I have recorded both pieces for Hyperion and it is interesting to see the thematic similarities, while the atmosphere and the mood are totally different.

Why is it is not performed more often? Not my fault. I play it as often as I am asked to do it — but especially in the cello repertoire, audiences seem to be more hesitant to listen to “not so common” pieces than with the piano or the violin, which is the reason why orchestras don’t dare to schedule a bigger variety of cello concertos. There are so many great concertos for the cello that are hardly ever played — when have you heard (live) the Barber Concerto, for example? And it is such an amazing work!

I heard Rostropovich play the Prokofiev (a YouTube video of him in the opening part of the “Sinfonia Concertante” is at bottom) when I was a child growing up in Berlin, and I was deeply impressed and knew that one day I would need to perform this piece. As hellishly difficult as it might sound, it is s-o-o-o much fun to play.

After a short first movement comes a monster movement, pyrotechnics at first, a drop-dead-gorgeous second theme (perfect love-theme for any movie score!), a thrilling solo cadenza in which the cellist goes completely nuts, finishing off with octave scales, and the last movement follows promptly as a theme with variations, very witty, sometimes funny, sometimes dark, sometimes drunken. (Kurt Masur, when I did it with him in Leipzig, told me to play one of the variations like a drunken sailor, and I still remember this image very vividly.) The end must be the quickest and have the highest notes in the entire cello repertoire. Shortly before the end, though, you will hear a passage by the horns and the strings which sounds just like “Peter and the Wolf” — each time I perform this I can’t help feeling like a child again. It makes me so happy.

Any other piece to compare it to? No, it’s quite unique, but typically Prokofiev (below)! It fits beautifully into this program, all great music, very different colors and expressions, but all pieces that are very colorful and expressive. I love it, and can’t wait to play it!

Serge Prokofiev

Tomorrow: Cellist Alban Gerhardt will discuss how he came to the cello and his career as a professional musician; what he thinks of Madison; the best ways to educate young people about music and to involve new audiences of adults.


Classical music news: New media can lead back to old media – just ask pianist Valentina Lisitsa whose superstar status on YouTube has led to her a contract with Decca Classics.

May 31, 2012
3 Comments

By Jacob Stockinger

The media world today keeps getting, as Lewis Carroll might say, curiouser and curiouser.

Many authors now are self-publishing their first efforts because electronic books, or e-books, make it easier than ever to do so. And if the e-books sell well enough, old-fashioned publishers pick up the rights to make them into real old-fashioned cloth-and-paper printed books.

But one of the ironies is that the process also works in reverse.

Many creative talents use the so-called “new media” — blogs and the Internet — to gain access to and acceptance by so-called “old media.” Books have grown out of blogs, as have movies, such as the hit film “Julie and Julia.”

It also applies to classical music.

Take the case of pianist Valentina Lisitsa (below) who, to the best of my count, has performed in Madison four times: twice as accompanist to violinist Hilary Hahn and twice in solo recitals at Farley’s House of Pianos.

But the Lisitsa phenomenon — and it really is a phenomenon — started about five years when she started posting her performance (of a Rachmaninoff work) on YouTube.

Since then, as the most popular pianist on YouTube (which has a huge number of current and historic piano videos) she has racked up more than 40 million individual hits or visits, as well as some 52,000 subscribers to her YouTube channel, for her many recordings of favorite works by Beethoven, Chopin, Liszt, Schumann, Rachmaninoff and other composers.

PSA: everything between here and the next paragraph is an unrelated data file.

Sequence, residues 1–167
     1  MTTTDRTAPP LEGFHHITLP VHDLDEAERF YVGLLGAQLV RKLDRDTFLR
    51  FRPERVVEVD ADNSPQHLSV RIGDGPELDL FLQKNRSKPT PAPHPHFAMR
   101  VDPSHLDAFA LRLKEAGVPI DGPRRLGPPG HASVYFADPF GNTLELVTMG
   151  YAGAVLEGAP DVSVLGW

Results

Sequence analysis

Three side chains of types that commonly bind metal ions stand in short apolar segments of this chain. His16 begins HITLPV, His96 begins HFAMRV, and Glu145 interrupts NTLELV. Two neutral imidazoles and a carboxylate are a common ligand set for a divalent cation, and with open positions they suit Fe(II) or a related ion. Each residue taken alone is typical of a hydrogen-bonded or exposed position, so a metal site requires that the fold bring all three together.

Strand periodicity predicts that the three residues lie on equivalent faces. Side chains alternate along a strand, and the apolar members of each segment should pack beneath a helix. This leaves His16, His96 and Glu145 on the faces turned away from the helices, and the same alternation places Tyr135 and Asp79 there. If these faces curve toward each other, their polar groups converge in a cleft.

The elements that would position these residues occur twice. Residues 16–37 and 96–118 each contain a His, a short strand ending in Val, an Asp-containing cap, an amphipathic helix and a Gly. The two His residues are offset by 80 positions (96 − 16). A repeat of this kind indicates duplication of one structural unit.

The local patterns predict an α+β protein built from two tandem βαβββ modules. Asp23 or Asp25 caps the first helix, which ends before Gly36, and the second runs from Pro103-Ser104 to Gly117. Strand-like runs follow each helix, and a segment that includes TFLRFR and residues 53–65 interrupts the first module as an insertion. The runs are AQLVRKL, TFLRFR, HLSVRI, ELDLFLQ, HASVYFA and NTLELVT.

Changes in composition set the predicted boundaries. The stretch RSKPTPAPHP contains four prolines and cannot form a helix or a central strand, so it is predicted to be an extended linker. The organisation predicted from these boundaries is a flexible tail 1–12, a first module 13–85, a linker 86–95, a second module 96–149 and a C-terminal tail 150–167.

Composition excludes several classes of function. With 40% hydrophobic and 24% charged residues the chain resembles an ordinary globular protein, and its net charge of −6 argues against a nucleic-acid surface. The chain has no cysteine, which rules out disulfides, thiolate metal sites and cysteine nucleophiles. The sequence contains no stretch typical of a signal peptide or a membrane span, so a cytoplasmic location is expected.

Then last week, one of the classic great “old media” outlets – Decca Records, which belongs to the giant conglomerate Universal – signed her to a contract. It will start with a recording her debut recital at Royal Albert Hall on June 19. A digital version will available later in June and a CD will be released July 3.

Surely, Decca officials figured that so much interest on the Internet suggests that Lisitsa is very bankable and has a good chance of making money for the label.

So it will record her upcoming concert at Royal Albert Hall in London.

And guess what?

The 39-year-old Lisitsa, who was born in Ukraine but lives in the U.S., asked her fans for what program she should play – for what their favorite pieces played her are.

Here is a link to her You Tube Channel:

http://www.youtube.com/user/ValentinaLisitsa

Here is a link to my review of an impressive mostly Liszt recital she played in Madison last summer:

https://welltempered.wordpress.com/2011/08/20/classical-music-review-the-ear-gets-more-than-an-earful-of-franz-liszt-and-valentina-lisitsa-and-thinks-of-liberace/

Here are links to stories about her deal with Decca:

http://www.gramophone.co.uk/classical-music-news/pianist-valentina-lisitsa-signs-to-decca-classics

http://www.telegraph.co.uk/culture/music/classicalmusic/9288208/Online-piano-star-Valentina-Lisitsa-gets-Albert-Hall-debut.html

http://www.artsjournal.com/slippeddisc/2012/05/exclusive-youtubes-favourite-pianist-signs-major-label-contract.html

http://www.classical-music.com/news/valentina-lisitsa-decca-classics

And here is a link to her program for the solo recital in Royal Albert Hall (below top shows the unusually shaped exterior, below bottom shows the spacious interior), along with information about tickets, should you want to or be able to attend it:

http://tickets.royalalberthall.com/tickets/valentina-lisitsa/default.aspx

My question is a simple one: Why would you buy a CD if you can hear the same pieces for free on YouTube?

I suppose so you can hear the artist and those works away from a computer or electronic device – at home or in the car or on an iPod.

Whatever the case, you have to assume the dramatic and temperamental, virtuosic and photogenic Lisitsa knows what she is doing.

She seems as gifted in commercial strategy as in classical piano technique and interpretation.

Below is Lisitsa playing one of my favorite Rachmaninoff preludes — in G major — though by no means one of her most popular videos, some of which have almost 3 million hits. I like the tone and the way the video shows her unusual stroking technique of hitting the keys — which seems to allow her never to strain.

Brava, Valentina!